KUALA LUMPUR, Nov 9 — Malaysians, who had just returned from India or are planning to go there, are left in limbo as local money changers have frozen Indian currency trading after New Delhi announced the scraping of Rs500 (RM31.80) and Rs1,000 bills.
An observation by Bernama at a number of money changer outlets in Jalan Masjid India and around the capital showed that many Malaysians, as well as Indian tourists who made a beeline for the money changer counters to sell the currency were left disappointed.
One of the money changer companies, Sky Xchange said it could only advised its customers to wait for further announcement from the Indian government.
“Hopefully, there will be new announcement tomorrow,” cashier teller Mahiran Ibrahim told Bernama.
She said the currency exchange counter had to turn away more than 20 customers, who came to sell the two notes, since it opened for business today.
Yesterday, Indian Prime Minister Narendra Modi announced that the current Rs500 and Rs1000 notes would not be valid from midnight, instead, they would be replaced with new notes of Rs500 and Rs2,000 from Nov 10.
The move is part of a crackdown on corruption and illegal cash holdings, while people will be able to exchange their old notes for new ones at banks over the next 50 days.
Kogilavani Muniappan, 43, who is leaving for India in two weeks’ time felt that more time should be given as he did not think local money changers were going to change their old notes.
“I’ll be leaving for India in two weeks’ time and I think it is quite a hassle to go to the banks (in India) and change the currency, but we have no choice. The queue in India is nothing like home,” she said.
A dispatch employee, George Raman, said he was caught by surprise over the move and hoped there would be further announcement soonest as it had caused havoc to his family.
“I really pity some Indian tourists who are running out of ringgit and need to convert their money to survive,” he said.
Within hours of the announcement that the public will have 50 days to deposit the old bills into bank or post office accounts, the notes were nearly useless for buying anything.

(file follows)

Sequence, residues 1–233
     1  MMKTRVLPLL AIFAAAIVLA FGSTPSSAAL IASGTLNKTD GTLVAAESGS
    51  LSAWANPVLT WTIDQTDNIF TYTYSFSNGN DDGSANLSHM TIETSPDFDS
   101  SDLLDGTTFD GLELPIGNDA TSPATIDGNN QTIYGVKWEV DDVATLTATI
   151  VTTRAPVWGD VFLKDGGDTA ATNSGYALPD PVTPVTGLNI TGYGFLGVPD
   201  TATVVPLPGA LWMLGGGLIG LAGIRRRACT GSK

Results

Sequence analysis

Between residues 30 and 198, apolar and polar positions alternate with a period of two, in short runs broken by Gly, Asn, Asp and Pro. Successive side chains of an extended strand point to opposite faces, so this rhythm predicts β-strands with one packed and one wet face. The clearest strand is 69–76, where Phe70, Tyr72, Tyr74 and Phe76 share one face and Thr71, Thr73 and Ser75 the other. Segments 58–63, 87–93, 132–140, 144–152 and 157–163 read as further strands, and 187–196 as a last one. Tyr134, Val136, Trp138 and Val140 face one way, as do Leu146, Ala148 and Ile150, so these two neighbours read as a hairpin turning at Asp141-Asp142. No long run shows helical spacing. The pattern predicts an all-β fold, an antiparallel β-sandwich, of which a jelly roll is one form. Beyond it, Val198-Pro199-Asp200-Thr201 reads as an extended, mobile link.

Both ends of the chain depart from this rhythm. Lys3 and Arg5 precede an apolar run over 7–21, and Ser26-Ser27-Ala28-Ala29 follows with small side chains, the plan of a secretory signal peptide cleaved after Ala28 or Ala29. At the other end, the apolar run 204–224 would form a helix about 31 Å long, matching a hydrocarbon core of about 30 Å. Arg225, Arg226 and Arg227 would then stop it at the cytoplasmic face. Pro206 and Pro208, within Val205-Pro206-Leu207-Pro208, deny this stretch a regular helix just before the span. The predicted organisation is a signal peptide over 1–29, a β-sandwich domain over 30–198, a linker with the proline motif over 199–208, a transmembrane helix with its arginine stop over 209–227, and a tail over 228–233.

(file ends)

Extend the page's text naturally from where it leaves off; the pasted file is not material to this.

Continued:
The old notes can still be used for the next three days at India’s selected places, including government hospitals, railway/bus/airline ticket counters and gas stations.
Businessman who wants to be known only as Nathan, 66, said he was affected by the move as he was importing textile and garment from India.
Being an Overseas Citizen of India cardholder, he travelled frequently to India and held bundles of Rs500 and Rs1,000 notes in India.
“I don’t have immediate means to change the notes, nor immediate access to the hard cash in India. And by my next travelling date, the notes will be rendered invaluable,” he said.
Nathan said although the Indian government intended to set up provisions for people arriving or departing from international airports to exchange their notes, no timeframe was given.
“This means one has to travel to India soonest,” he added.
Another frequent traveller to India, D. Priya, 31 said she was not panicking over the announcement despite having a few Rs500 and Rs1,000 notes.
“Anyway, I’m trying to get in touch with my friends, who are leaving for India in a week or two, to seek their help to change the currency as I have until Dec 31 to do so,” she said.
On the home front, a similar move was taken by Bank Negara Malaysia in 1999 when it announced that currency notes of RM500 and RM1,000 denominations ceased to be legal tenders from July 1 that year.
The move was prompted by the Asian monetary crisis of 1997 as huge amounts of Malaysian currency were taken out of the country to be traded in these notes. — Bernama